I vaguely remember that there was a movie titled “The Day After” when I was a kid. Though I never watched the movie, the main imagery of its plot has come back to me in these days: mainly, the bleakness of how the world would look after a nuclear strike. The film depicted the aftermath of a full-scale nuclear war between NATO forces and Warsaw Pact countries.
That’s how we are in a way: deserted streets, confusion, global uncertainty about the future, and the unbelievable, unthinkable and surreal becoming reality by the moment. More than 100,000 cases and around 6,000 deaths have cast a grim shadow across Europe.
The European Union has its roots in the aim of preventing catastrophes, but the “disaster to be prevented” was foreseen to be war — not a virus. But, in just days, the fundamentals of the EU, created over decades, have been undergoing a severe shock test.
The Schengen Agreement has become the first casualty of corona-stricken Europe. Frontiers are back en vogue, and it is likely that they are here to stay even when the Corona Crisis is over.
On March 17, all Schengen area member states approved the plan proposed by the EU Commission, and the final nail on the “temporary” coffin of the Schengen agreement was announced by the President of the European Commission, Ursula von der Leyen, and the president of the European Council, Charles Michel. They explained that all national borders would be closed for a period of 30 days barring all but essential travel.
Michel declared that:
“On the four priorities identified, the first ‘limiting the spread of the virus,’ we endorsed the guidelines proposed by the Commission on border management. We need to ensure passage of medicines, food and goods and our citizens must be able to travel to their home countries. Adequate solutions for cross-border workers will be found. To limit the spread of the virus globally, we agreed to reinforce our external borders by applying a coordinated temporary restriction of non-essential travel to the EU for a period of 30 days, based on the approach proposed by the Commission.”
This may seem to be a temporary emergency measure, but the way Schengen was frozen is startling in itself. According to the Schengen Border Code’s Article 28, the members should send a notification letter to the European Commission and the interior ministers of the EU states to notify them of the suspension of open borders in cases requiring immediate action.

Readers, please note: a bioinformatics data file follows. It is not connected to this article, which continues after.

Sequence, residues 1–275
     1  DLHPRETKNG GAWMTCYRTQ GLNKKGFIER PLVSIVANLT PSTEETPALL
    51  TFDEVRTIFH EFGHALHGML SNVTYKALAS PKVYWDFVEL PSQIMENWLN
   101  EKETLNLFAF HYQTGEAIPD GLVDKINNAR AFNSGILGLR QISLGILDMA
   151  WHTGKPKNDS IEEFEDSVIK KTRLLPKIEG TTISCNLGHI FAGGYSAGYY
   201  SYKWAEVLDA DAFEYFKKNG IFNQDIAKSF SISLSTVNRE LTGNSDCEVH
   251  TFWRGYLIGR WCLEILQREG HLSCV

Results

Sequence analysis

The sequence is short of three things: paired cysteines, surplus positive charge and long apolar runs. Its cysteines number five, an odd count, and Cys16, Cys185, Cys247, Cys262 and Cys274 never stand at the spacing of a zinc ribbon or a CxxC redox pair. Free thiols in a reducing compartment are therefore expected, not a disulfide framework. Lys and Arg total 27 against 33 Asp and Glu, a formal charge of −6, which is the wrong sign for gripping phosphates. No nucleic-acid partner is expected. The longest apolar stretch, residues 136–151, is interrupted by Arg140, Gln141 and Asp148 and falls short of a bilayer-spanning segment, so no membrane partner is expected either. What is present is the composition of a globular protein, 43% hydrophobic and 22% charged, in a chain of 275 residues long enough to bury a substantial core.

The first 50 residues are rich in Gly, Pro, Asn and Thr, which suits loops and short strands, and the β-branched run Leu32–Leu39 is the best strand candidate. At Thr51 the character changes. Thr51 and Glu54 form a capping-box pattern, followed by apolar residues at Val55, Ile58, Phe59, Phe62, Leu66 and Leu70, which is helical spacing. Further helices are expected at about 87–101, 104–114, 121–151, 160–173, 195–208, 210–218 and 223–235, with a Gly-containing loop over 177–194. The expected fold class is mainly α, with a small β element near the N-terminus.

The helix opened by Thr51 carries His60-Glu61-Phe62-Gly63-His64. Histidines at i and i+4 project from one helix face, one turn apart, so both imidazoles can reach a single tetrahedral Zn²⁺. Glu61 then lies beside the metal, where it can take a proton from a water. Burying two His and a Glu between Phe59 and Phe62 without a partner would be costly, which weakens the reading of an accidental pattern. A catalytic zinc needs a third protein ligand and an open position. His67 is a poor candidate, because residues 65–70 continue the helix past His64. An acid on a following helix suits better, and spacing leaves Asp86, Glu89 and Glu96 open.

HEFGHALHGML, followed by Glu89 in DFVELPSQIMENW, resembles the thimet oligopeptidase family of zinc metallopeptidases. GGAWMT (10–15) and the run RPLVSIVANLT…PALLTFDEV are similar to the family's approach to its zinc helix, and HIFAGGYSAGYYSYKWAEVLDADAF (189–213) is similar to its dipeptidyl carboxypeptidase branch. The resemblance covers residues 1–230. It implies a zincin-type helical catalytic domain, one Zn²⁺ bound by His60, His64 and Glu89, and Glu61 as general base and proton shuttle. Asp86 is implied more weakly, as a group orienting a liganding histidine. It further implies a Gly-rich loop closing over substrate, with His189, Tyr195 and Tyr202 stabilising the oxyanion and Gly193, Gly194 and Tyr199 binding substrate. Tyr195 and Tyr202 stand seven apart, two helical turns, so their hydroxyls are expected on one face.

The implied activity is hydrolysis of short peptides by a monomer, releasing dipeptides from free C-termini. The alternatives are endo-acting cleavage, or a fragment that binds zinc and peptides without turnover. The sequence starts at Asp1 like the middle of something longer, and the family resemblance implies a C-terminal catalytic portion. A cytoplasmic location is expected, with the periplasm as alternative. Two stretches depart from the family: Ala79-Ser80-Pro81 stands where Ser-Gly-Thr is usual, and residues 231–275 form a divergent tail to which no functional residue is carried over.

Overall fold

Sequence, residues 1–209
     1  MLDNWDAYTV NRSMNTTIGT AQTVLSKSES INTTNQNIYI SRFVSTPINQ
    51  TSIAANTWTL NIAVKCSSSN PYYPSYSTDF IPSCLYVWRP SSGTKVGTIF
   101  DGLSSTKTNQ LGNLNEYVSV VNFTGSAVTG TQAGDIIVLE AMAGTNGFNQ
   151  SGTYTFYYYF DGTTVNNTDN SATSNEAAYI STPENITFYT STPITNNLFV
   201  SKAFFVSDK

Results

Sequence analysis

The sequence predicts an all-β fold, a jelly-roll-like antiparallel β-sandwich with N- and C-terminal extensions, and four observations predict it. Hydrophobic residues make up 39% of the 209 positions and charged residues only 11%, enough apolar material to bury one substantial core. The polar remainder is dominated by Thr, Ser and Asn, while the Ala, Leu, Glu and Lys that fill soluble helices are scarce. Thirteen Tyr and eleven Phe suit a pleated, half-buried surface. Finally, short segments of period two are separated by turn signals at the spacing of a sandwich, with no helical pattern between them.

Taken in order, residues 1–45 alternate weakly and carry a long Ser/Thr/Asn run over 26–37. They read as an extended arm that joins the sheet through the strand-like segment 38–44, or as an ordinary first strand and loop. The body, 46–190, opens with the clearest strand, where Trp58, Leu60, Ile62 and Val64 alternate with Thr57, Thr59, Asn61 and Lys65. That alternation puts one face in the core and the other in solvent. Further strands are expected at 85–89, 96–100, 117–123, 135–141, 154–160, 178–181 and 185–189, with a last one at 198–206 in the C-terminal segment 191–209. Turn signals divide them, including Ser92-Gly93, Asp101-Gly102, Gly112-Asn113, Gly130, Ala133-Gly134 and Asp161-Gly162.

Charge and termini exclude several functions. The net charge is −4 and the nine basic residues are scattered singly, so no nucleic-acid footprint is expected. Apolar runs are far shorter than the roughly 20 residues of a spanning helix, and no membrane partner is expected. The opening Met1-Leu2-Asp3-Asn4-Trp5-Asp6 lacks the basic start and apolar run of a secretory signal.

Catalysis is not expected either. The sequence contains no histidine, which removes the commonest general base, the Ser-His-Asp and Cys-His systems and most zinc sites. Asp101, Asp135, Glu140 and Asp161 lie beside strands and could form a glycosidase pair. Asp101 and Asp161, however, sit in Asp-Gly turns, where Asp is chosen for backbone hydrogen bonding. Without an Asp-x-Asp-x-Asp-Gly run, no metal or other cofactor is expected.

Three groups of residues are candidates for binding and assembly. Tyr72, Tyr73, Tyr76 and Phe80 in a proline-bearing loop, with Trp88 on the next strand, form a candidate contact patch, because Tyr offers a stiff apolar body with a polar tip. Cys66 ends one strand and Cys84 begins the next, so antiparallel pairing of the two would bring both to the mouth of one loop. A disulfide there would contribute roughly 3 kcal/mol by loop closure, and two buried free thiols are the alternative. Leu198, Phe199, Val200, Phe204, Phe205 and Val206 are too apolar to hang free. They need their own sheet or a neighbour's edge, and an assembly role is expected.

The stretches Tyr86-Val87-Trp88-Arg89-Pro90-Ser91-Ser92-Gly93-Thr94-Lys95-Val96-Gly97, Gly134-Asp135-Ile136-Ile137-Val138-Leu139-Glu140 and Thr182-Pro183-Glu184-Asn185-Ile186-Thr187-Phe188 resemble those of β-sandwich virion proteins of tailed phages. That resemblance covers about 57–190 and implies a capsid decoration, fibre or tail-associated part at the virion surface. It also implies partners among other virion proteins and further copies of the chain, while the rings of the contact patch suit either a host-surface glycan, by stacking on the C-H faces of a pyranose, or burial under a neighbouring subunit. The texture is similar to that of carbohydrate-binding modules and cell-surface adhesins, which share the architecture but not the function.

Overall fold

Only 10 out of the 26 Schengen countries bothered to actually observe the protocol and send out the notification letter: Spain, Portugal, Norway (a non-EU Schengen country), Estonia, Lithuania, Germany, the Czech Republic, and Hungary. Austria had started land border controls, “shedding Schengen” the earliest, introducing land border controls on March 11. The expiry date of the notification was March 21, but Austria did not take the time to send another notification to formally extend the suspension. It just continued on with border checks.
Five of the Schengen countries, Belgium, Iceland, Sweden, Liechtenstein, and Luxembourg, did not introduce border closures. But they hardly need them anyway, as others have already suspended open borders leading to them.
One major player, possibly holding the determination of the post-Angela Merkel European future in its hands, France, was among those who did not even lift a finger to notify the EU Commission and other member states about the decision to introduce border controls. But then, France was the first country to introduce “temporary” Schengen controls on October 31, 2019, citing the persistent terror threat.
In any case, even European citizens will have a difficult time moving across national borders, even if they are seeing family members or gravely ill and in need of medical treatment.
Schengen is one casualty of COVID-19, but not the only one. The European Stability Pact, which requires member states to uphold a less than three percent budget deficit is another casualty. The EU had to lift the budget cap on March 20, guarded by the European Stability Pact. But, France was not going to be obeying it anyway — the Corona Crisis turned out to be a useful excuse. Italy and Greece were rescued by the removal of budget caps, but once again, just like in case of Schengen’s stealthy removal, France played a pivotal role. And just as in the case of Schengen, stepping back from the “emergency exception” will not be easy when it comes to the suspension of the European Stability Pact.
“State aid” countering the competitiveness and single market rules are other “emergency exceptions.” The EU had to rubber stamp all the state aid introduced (again) by France, but also by those that joined the bandwagon like Denmark, Germany, Portugal and Italy. Among those countries, only Italy’s state aid to medical manufacturing suppliers could actually qualify prima facie for immediate crisis relief.
“The day after”: the European Union has been bypassed, gnawed at internally not by the coronavirus, but by its own virulent nationalism. Turkey will also be reshaped by this new wave of viral nationalism, but how?